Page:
>    Mono dependency will compound that horribly.
>    5. There is only one effective supplier of Mono:  Novell.  That is a
>    very bad situation to encourage and to support in the viewer.
>    6. Some parties identify other reasons for avoiding Mono in general.
>     Without getting into that subject at all,
> The second known detail about Firefly (mandatory sandbox) is problematic on
> two related fronts:
>    1. Sandboxes by design do not allow most platform resources to be
>    accessed, as a security measure.  This is fine and important when scripts
>    are being downloaded from unknown places (like Javascript in web pages), but
>    that same protection also means that client-side scripts would be powerless
>    to do useful things for us in concert with local applications, files,
>    devices, etc.  Sandboxing client-side scripts effectively hardwires in
>    script weakness for no reason discussed as a requirement.
>    2. Sandboxed applications cannot be linked with user-chosen native
>    libraries since allowing native code breaks sandbox protection.  This means
>    no accelerators, no extensions, and no interop with other systems since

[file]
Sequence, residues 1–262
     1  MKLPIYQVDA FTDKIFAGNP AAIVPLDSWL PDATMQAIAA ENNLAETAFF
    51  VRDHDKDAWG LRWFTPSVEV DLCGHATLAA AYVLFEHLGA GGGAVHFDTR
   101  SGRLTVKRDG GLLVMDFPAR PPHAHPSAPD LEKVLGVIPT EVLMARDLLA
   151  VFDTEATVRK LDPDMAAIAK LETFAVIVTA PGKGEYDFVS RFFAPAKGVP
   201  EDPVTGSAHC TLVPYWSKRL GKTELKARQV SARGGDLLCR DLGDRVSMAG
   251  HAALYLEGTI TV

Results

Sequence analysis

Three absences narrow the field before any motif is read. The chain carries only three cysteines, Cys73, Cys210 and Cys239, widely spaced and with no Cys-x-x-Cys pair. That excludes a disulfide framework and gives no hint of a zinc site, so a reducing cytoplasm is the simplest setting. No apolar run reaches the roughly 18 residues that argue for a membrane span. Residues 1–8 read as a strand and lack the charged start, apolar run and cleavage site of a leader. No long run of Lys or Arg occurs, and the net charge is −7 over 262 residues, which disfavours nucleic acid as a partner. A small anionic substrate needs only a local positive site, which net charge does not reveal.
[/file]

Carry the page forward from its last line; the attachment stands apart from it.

>    sockets are inaccessible from any strong sandbox.  This also means no
>    evolution or progress outside of what the sandbox designers permit.
> This mailing list is concerned with development of open source viewers, in
> particular Snowglobe.  This is heralded as a *community* viewer, embodying
> *community* requirements much more directly than the LL mainstream viewer.
>  Client-side scripting will impact on every single aspect of Snowglobe bar
> none, yet the community is being excluded from the design of its most
> powerful infrastructure element.  This is entirely wrong, far beyond the
> normal observation that secrecy in design has no place in open source.
> It is hard to assess things technically when the design requirements are
> formulated in secret.  The Snowglobe community has design requirements too.
>  Those deserve to be examined here openly, not limiting Snowglobe to a
> design that stems from Linden requirements alone.
> Morgaine.